First, the school is ''experimenting'' with allowing some teachers to go part-time - mostly four days/week. The substitute teacher on the fifth day (or whatever the situation is) is an ''accredited'' teacher, but never is this teacher someone the school would even consider hiring full-time. This has created quite a few problems across the classrooms where this has been implemented, such as continuity challenges for the students, so this is something to investigate.

More importantly, I think, is your question about the cell antennas. To be clear, European standards (i.e. the EU) require that *one* cell antenna be at least 1500 feet from a school, but there are now *nine* antennas 100 feet from our children at NOCCS. Yes, the current setup meets FCC guidelines, but these were written over 15 years ago and do not meet current cutting edge (and yes peer-reviewed) medical research and standards - just telcom lobbied standards. Certainly, there is a debate about the health effects, but NOCCS children are now guinea pigs in studying these effects. noccs parent

At NOCCS Grades 4 and 5 are made up of two 25-28 student classrooms each with a teacher and teacher asst who splits time between the two classrooms. Good teachers, but one is leaving to return to MOSAIC next year full time, so a new one will be found. They break the mixed Cb class 4th/5th graders apart only for math. Grades 6-8, about the same size, are taught by a mix of three teachers, who mostly specialize in math, science, and literature/history so the students rotate among them, plus teacher assistants.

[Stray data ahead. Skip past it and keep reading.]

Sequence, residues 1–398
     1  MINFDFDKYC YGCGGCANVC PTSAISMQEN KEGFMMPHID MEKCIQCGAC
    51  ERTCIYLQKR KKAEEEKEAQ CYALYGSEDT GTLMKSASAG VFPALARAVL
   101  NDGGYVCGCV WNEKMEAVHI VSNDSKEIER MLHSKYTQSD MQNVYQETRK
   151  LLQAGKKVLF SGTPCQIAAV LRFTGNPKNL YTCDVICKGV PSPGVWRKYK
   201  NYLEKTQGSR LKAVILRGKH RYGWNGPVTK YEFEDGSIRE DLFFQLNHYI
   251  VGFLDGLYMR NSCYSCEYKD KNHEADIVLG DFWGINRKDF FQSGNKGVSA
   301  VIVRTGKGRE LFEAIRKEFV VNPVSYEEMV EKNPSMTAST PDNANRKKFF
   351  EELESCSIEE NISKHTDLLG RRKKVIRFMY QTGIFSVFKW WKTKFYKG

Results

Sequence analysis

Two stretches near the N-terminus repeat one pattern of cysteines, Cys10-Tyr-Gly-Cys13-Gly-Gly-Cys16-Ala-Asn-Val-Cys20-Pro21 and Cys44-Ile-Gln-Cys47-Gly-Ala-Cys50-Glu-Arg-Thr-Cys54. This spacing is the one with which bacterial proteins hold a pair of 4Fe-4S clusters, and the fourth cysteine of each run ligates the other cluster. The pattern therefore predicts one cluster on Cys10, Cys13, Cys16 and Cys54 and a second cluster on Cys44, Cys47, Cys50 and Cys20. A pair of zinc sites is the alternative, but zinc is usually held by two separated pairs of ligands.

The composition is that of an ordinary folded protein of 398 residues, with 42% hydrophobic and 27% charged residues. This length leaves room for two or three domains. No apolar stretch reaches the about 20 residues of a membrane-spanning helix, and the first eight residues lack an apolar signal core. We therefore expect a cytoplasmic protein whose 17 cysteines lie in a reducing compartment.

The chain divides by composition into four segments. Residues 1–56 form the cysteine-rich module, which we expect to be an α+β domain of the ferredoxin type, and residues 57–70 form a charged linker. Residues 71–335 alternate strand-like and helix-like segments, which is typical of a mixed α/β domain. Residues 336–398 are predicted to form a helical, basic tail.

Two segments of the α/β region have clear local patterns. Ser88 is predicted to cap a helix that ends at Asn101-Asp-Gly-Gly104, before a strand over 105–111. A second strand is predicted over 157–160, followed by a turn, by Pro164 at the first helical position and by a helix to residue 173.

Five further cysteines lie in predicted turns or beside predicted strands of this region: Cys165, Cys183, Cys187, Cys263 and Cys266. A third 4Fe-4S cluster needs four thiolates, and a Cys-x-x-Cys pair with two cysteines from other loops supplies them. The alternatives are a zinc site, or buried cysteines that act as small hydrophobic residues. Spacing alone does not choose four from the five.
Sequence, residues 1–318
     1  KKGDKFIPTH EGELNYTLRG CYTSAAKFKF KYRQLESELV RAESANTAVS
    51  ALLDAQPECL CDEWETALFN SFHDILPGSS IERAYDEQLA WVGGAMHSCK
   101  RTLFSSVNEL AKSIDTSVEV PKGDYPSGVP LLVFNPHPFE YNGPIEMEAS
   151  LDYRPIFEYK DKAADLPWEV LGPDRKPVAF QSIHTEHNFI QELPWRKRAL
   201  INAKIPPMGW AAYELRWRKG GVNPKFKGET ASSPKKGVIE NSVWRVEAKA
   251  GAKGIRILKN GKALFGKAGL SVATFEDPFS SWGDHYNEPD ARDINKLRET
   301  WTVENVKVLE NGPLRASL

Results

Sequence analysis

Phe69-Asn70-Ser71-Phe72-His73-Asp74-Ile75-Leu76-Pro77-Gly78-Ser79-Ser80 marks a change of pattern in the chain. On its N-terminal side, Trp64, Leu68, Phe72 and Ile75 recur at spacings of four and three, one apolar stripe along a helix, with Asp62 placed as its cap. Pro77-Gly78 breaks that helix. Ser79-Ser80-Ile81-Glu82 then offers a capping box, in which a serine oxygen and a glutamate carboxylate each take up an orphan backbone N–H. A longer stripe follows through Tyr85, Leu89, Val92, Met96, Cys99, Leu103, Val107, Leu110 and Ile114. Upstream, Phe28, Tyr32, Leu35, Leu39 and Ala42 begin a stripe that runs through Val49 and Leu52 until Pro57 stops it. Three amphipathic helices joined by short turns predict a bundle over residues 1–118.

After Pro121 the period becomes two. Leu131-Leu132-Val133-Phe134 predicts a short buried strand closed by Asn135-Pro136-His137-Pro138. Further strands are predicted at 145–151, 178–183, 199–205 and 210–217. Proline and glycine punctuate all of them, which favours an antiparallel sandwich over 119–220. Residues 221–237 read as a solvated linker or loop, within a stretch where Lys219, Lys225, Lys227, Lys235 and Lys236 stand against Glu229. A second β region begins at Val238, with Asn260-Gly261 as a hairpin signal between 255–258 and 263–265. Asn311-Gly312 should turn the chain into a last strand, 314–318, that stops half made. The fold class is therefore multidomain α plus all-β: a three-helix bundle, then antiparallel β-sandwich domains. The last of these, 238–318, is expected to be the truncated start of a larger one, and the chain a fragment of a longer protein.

The upsides include small school atmosphere, a blended practical-intellectual approach (called "teaching for understanding"), good teachers, and the volunteer commitments of many parents. Downsides include difficulties in retaining some faculty, the widespread and constant struggle for funds, and the lack of a decent playground - though they now give credit for regular outside sports participation. Middle school elective period options: music, visual art, Community Action Learning (required), P.E. (required), Spanish, biz world, media and technology.

A set of 9 Verizon cell antennas were installed on the building across 42nd Street from the school last Thanksgiving after a long battle on the part of a small group of parents to keep them away had delayed but not stopped them. (It had been easy to get the permit; since then, Oakland has changed its regulations around cell antenna installations in mixed-use neighborhoods.) Recently the Verizon antennas were upgraded (power was increased) to handle the 4G network communications. Hooray for Verizon and its subscribers.

Any effects on students and teachers are as yet unnoticed (or unreported) but if there are any they may not appear in the short term. A small long-term epidemiological health study was started before the antennas were installed but the sample size may not be large enough to document the full effects. ItC",E!s not certain there will be any effects but itC",E!s not well studied yet in the U.S. Cbbbbbcause the FCC and Congress have done the bidding of the cell phone companies, and everyone loves the technology. A few scientific studies that appeared to show bad effects from EMF exposure were quickly disparaged. Who's working for whom? Anyway, so far, in 6 months of exposure, no clear and documented effects are known to have appeared at NOCCS.

I think that answers your questions but if you have more, e-mail me directly:

Dennis R., parent of 7th grader at NOCCS

NOCCS middle school reviews?

March 2011

I would love to hear about your experiences at NOCCS' middle school: teaching staff, curriculum, school climate, administration, school site. I know that the middle school is only a couple of years old and that there have been growing pains and bumps along the road. I'm not looking for perfection, but an honest assessment of how things are going for your middle schooler would be great. Thanks so much.